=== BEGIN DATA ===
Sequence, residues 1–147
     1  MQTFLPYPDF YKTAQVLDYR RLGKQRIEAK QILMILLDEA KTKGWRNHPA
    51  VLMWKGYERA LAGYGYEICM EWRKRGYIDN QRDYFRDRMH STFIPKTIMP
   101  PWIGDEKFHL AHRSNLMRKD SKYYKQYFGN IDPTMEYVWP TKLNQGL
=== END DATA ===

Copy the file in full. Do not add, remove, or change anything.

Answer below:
Sequence, residues 1–147
     1  MQTFLPYPDF YKTAQVLDYR RLGKQRIEAK QILMILLDEA KTKGWRNHPA
    51  VLMWKGYERA LAGYGYEICM EWRKRGYIDN QRDYFRDRMH STFIPKTIMP
   101  PWIGDEKFHL AHRSNLMRKD SKYYKQYFGN IDPTMEYVWP TKLNQGL